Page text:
Creating spaces for learning or making room for education?
May 27th, C15, Pope Building, University Park Campus at ***2.00pm
Recent discussions about education have seen a remarkable rise in the use of spatial language, particularly around the idea of the creation of environments for learning. This is mainly the result of a shift in emphasis in educational thinking from the activities of the teacher to the activities of the student, changing the role from the teacher to that of a facilitator of learning processes. Although a lot can be said in support of this shift, there are also some problematic consequences that primarily have to do with a decline in attention to questions about educational purpose. It is, after all, one thing to create environments that support learning, but it is another thing to create environments that support a particular kind of learning. In this presentation I focus on the latter question in order to explore how different views about the aims and ends of education generate different requirements for the creation of the spaces and places in and through which education happens. In this regard I am particularly interested in the connections between education, space and democracy. Rather than a focus on creating spaces for learning in a general sense, I will argue that the key question for school architecture is how to make room for education.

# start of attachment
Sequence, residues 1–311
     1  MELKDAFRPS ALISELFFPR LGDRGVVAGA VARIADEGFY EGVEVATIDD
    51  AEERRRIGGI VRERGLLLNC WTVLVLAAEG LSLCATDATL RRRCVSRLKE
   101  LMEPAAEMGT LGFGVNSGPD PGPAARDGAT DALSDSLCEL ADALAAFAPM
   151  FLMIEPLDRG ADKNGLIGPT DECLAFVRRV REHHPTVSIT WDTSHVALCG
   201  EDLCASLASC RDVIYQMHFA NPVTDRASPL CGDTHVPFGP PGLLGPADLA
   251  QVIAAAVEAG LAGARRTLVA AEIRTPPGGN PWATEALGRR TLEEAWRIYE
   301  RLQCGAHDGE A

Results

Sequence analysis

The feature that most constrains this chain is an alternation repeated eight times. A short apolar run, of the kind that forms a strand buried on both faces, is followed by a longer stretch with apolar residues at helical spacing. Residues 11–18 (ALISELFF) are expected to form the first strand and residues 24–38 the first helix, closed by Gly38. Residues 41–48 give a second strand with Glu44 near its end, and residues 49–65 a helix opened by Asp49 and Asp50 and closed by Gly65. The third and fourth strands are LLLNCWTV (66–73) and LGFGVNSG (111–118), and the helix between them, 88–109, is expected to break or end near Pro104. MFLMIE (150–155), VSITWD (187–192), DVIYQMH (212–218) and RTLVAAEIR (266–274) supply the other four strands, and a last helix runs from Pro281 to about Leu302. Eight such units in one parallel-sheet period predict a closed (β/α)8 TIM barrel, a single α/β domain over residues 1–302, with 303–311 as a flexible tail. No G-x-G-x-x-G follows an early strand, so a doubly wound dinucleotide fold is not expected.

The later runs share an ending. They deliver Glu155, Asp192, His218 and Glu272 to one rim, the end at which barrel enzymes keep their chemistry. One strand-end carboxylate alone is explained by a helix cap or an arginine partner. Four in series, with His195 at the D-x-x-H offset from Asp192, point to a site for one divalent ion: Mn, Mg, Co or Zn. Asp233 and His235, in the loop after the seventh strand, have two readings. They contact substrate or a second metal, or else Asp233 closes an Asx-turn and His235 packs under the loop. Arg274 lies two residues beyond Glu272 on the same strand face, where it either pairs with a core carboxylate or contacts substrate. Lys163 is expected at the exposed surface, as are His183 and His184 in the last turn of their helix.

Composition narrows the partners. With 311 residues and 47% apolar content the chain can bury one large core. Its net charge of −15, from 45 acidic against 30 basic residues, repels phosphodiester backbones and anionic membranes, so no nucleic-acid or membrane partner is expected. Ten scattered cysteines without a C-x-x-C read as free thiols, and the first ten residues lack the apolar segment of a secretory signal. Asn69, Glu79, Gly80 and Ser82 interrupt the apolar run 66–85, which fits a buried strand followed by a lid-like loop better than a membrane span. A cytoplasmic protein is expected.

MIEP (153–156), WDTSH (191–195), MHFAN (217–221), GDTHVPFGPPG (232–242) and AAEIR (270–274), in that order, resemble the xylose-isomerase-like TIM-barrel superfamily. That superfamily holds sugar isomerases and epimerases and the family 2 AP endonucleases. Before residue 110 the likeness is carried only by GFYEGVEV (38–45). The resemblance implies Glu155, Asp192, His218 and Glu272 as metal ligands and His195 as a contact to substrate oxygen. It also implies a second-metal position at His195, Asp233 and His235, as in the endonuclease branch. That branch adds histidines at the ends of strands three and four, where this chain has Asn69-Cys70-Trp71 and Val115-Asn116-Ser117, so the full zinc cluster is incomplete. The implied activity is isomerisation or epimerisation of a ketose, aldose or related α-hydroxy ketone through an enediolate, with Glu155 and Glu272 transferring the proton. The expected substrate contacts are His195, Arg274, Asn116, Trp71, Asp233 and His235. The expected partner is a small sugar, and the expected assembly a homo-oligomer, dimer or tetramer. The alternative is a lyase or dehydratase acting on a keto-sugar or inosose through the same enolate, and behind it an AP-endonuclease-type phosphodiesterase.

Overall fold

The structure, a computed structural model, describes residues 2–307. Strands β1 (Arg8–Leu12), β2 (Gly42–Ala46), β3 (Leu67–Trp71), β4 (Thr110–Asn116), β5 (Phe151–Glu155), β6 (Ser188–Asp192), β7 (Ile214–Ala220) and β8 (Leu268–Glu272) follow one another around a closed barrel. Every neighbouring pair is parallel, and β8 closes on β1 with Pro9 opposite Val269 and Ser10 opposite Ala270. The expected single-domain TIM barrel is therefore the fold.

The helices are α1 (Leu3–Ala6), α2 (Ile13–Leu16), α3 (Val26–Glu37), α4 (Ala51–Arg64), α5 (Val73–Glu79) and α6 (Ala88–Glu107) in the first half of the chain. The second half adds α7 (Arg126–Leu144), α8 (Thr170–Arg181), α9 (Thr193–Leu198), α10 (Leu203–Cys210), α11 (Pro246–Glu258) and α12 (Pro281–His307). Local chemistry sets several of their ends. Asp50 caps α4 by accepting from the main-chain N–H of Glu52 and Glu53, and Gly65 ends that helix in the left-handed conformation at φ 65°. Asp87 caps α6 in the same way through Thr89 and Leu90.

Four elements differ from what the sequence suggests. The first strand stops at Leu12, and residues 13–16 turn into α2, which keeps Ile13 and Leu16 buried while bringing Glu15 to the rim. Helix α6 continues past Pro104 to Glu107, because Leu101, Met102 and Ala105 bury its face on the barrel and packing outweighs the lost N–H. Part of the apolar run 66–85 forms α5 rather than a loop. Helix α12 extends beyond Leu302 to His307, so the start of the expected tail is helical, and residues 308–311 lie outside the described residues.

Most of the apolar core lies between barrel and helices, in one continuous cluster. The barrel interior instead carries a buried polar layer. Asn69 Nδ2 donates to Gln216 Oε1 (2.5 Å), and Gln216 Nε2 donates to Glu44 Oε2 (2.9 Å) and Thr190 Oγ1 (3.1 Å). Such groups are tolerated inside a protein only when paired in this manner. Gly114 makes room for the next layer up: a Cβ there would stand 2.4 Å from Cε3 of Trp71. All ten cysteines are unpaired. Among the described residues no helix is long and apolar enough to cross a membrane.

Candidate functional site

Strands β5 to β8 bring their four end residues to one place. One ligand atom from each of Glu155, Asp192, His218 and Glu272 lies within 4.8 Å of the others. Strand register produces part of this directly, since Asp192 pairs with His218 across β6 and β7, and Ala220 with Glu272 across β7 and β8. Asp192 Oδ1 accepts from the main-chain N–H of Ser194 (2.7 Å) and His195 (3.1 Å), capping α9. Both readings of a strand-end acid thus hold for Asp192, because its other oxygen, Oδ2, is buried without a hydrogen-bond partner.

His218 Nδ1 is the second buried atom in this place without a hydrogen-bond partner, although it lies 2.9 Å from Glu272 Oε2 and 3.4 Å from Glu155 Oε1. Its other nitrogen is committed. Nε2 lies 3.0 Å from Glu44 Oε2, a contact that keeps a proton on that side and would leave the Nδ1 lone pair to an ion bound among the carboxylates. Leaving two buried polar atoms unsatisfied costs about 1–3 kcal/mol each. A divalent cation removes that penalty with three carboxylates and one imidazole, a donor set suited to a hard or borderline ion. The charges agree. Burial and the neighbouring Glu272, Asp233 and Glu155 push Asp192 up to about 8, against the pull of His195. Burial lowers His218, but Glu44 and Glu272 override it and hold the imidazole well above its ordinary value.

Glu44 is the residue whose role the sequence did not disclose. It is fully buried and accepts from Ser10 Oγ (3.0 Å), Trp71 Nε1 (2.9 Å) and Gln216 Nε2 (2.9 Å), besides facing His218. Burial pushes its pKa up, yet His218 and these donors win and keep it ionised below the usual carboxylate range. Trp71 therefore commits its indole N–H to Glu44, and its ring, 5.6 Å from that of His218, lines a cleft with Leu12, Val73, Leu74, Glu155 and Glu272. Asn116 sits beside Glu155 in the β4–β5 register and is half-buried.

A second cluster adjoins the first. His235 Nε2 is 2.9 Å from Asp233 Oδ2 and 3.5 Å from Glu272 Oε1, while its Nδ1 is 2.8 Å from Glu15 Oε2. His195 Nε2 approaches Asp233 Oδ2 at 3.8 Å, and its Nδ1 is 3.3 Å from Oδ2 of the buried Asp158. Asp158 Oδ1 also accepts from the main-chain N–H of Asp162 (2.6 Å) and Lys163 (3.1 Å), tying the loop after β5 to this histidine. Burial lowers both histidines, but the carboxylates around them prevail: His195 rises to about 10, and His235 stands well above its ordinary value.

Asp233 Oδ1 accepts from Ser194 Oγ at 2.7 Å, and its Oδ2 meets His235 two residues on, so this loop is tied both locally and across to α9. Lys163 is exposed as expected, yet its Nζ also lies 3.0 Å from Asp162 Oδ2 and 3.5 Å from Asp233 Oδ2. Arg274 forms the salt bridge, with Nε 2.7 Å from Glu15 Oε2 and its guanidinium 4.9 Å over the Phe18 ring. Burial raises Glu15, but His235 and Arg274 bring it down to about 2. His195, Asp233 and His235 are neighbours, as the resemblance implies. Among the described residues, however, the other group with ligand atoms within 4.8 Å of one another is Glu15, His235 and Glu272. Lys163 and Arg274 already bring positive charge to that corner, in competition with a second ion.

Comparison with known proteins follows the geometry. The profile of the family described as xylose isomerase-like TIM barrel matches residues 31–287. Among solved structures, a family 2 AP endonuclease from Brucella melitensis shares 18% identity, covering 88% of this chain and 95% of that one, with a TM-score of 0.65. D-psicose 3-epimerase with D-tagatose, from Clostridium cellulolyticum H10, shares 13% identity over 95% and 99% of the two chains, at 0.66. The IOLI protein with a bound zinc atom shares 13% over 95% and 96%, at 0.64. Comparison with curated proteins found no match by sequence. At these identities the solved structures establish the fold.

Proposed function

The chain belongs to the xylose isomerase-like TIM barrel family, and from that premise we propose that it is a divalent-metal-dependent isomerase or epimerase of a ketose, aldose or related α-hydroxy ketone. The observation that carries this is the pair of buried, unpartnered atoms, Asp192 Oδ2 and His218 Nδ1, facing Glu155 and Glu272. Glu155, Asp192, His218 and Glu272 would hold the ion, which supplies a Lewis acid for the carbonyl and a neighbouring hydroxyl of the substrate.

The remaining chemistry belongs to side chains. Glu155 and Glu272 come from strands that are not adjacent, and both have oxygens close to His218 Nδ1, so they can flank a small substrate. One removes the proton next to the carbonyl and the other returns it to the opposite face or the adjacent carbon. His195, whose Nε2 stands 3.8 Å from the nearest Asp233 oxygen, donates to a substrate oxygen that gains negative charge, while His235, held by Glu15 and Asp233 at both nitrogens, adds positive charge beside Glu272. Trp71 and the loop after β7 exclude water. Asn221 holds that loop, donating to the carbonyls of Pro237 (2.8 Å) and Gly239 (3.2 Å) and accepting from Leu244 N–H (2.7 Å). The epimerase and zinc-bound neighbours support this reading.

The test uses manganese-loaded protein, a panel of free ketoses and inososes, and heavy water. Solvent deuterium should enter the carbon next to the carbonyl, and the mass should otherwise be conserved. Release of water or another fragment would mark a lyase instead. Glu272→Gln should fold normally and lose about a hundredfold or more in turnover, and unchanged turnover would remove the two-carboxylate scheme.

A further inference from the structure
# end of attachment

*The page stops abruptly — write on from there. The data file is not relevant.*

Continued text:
Gert Biesta is Professor of Education and Director of Postgraduate Research at the Stirling Institute of Education, the University of Stirling, where he also co-directs the Laboratory for Educational Theory. He is editor-in-chief of Studies in Philosophy and Education and author of many books on the theory and philosophy of education. Recent titles include: Beyond Learning: Democracy Education for a Human Future (Paradigm Publishers 2006); Education, Democracy and the Moral Life (Michael Katz, Susan Verducci and Gert Biesta eds., Springer 2009); and Rethinking Contexts for Learning and Teaching (Richard Edwards, Gert Biesta and Mary Thorpe eds., Routledge 2009).